Tunisia’s truth commission carries on despite red tape and lacking funds

28 January 2015 by Julie Schneider, Tunis (Tunisia)

Since opening its doors last month, the Tunisian Truth and Dignity Commission (TDC) has received scores of people every day. Ready to file complaints, they come from all over the country, passing through the headquarters’ entrance, flanked by “Be welcome!” flags in the Montplaisir business district of Tunis. 

Sihem Bensedrine, president of Tunisia's Truth and Dignity Commission (Flickr/Deutsche Welle/K. Danetzki)
Image caption: 
Sihem Bensedrine, president of Tunisia's Truth and Dignity Commission (Flickr/Deutsche Welle/K. Danetzki)

The TDC is to investigate human rights violations and economics crimes allegedly committed by the Tunisian state between 1955 and 2013.

One complainant sitting in the plastic chairs of the low-ceilinged reception room where all visitors must wait is Mohamed, who did not want to give his real name. He looks tired, explaining how he had to arise in the middle of the night in Kasserine for the five-hour journey to arrive in Tunis at 9 that morning. Asked about the papers he was clutching, he said: “They are not mine. They represent five people who were political victims of the former regime.”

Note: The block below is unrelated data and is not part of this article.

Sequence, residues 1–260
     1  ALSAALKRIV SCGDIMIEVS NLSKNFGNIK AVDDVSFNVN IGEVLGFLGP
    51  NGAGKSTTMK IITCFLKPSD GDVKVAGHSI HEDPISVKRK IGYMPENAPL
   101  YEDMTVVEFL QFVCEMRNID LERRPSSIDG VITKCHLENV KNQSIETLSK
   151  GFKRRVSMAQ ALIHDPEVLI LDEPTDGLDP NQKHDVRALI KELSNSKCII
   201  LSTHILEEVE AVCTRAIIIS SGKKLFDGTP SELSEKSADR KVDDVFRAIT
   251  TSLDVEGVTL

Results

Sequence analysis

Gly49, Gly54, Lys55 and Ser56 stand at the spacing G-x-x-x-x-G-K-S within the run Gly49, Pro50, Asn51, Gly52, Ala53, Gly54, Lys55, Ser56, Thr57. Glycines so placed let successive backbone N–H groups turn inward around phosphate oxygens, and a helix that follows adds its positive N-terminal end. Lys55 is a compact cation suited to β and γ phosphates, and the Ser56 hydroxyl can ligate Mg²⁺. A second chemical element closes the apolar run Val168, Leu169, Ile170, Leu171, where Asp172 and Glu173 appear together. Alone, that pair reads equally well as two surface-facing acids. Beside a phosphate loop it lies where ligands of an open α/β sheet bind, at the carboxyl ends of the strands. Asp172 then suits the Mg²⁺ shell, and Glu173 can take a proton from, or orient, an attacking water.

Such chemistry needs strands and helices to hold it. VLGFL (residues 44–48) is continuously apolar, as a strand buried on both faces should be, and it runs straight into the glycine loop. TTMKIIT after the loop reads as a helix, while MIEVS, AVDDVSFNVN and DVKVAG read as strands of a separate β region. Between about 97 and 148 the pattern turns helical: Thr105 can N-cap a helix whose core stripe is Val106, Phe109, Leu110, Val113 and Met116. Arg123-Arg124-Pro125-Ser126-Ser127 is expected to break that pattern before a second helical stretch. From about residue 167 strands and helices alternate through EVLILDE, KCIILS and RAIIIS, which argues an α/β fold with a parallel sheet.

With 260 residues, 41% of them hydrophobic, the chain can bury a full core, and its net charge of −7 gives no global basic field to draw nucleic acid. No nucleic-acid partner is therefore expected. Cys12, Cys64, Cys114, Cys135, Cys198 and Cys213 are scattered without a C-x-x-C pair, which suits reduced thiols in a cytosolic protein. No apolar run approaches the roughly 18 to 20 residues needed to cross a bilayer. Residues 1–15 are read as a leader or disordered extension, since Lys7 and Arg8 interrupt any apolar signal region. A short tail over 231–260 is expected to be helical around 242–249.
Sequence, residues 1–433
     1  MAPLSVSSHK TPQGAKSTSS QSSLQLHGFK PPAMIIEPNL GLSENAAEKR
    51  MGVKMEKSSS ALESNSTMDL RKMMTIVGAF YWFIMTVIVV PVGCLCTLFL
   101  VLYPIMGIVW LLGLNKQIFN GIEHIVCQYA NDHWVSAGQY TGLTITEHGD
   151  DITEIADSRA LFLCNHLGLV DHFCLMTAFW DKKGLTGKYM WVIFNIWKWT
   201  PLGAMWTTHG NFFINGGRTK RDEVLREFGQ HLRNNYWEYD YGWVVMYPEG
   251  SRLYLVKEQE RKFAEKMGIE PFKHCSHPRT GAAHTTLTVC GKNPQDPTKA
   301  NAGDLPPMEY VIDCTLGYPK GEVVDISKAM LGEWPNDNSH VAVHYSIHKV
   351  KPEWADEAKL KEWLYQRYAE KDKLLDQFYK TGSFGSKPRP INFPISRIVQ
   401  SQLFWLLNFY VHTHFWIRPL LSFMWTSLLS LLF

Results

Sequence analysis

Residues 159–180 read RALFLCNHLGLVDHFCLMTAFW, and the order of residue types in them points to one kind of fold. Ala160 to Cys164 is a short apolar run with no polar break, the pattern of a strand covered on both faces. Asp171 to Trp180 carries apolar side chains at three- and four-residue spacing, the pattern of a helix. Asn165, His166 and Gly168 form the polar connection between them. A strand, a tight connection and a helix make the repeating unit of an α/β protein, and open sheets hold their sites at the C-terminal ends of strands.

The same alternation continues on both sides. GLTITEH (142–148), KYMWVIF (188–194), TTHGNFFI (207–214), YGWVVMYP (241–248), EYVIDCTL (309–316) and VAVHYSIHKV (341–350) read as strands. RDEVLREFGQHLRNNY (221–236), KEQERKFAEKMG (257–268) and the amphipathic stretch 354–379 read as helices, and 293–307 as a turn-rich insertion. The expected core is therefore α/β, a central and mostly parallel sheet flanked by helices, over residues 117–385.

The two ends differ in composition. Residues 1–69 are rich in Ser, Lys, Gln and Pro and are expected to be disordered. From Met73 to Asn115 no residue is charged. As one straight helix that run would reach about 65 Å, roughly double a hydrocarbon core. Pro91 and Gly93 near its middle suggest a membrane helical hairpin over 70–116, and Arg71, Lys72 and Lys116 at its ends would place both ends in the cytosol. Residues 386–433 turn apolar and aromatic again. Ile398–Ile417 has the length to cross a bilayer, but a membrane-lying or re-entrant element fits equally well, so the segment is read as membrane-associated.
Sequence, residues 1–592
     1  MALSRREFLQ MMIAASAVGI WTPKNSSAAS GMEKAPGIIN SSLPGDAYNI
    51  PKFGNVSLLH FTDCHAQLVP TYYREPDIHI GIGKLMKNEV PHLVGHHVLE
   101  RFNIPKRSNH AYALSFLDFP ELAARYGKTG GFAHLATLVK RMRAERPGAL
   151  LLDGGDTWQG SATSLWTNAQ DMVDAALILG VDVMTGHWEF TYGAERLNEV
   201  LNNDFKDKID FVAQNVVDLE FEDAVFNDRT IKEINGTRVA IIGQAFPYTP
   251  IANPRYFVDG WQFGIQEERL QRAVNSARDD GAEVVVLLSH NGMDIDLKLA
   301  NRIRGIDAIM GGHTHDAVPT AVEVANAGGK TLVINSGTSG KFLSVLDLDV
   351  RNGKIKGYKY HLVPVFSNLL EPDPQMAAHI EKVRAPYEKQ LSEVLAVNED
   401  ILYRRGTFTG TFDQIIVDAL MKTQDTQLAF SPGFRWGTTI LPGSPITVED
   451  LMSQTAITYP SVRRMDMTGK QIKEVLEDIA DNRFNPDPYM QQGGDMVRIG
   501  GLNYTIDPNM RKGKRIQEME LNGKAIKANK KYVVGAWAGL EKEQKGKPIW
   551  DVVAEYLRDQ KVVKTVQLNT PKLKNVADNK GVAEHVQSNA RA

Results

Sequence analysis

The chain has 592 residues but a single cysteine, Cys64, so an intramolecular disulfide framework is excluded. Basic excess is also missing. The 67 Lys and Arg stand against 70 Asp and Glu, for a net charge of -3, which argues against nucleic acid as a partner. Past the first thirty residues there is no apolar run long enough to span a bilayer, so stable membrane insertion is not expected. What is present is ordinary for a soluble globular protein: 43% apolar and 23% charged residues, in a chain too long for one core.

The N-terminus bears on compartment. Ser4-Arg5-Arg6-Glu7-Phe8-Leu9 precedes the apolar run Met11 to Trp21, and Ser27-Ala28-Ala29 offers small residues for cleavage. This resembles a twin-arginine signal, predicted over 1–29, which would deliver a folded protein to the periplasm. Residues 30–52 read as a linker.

The TDC’s five offices receive, on average, “150 persons every day,” said Hayat, a commission employee who helps usher the complainants. “They mainly come from Sidi Bouzid and Kasserine [key towns in the 2011 Tunisian revolution that led to the ousting of president Zine al-Abidine Ben Ali, widely seen as sparking the Arab spring]. But we don’t listen to their stories, we just classify them.” 

Want to read more?

If you subscribe to a free membership, you can read this article and explore our full archive, dating back to 1997.

Subscribe now

Related articles

21 December 2011 by Thijs Bouwknegt

Being the ICC's Chief Prosecutor is a delicate and politically sensitivejob.ForLuisMorenoOcampo it has been "the best job in the world." Fatou Bensouda will be taking over his office in June. She inhe

07 December 2011 by Thijs Bouwknegt

December 7, 2011 Ivory Coast is the latest playgroundoftheInternationalCriminal Court. This week the courtroom in The Hague became its theatre of justice. Chief Prosecutor Luis Moreno Ocampo proudly p

07 December 2011 by Richard Walker

Four Congolese witnesses testifying at the International Criminal Court (ICC) in The Hague, find themselves caught in a legal wrangle, which could at once set a legal precedent and make them the last

07 December 2011 by Lindy Janssen

Brazil is booming. The economy is expanding and the country is getting ready to host the Football World Cup in 2014 and the Olympics in 2016. But the Latin American giant has not even begun dealing wi

07 December 2011 by Radosa Milutinovic

The primary purpose of the retrial of Ramush Haradinaj, as proclaimed by the International Criminal Tribunal for the former Yugoslavia in its appeal judgement in July, should have been to hear testimonies of two "key" witnesses who proved unwilling to testify in the original trial in 2007. Almost four months into the retrial which started in mid-August, its stated aim has not yet been achieved.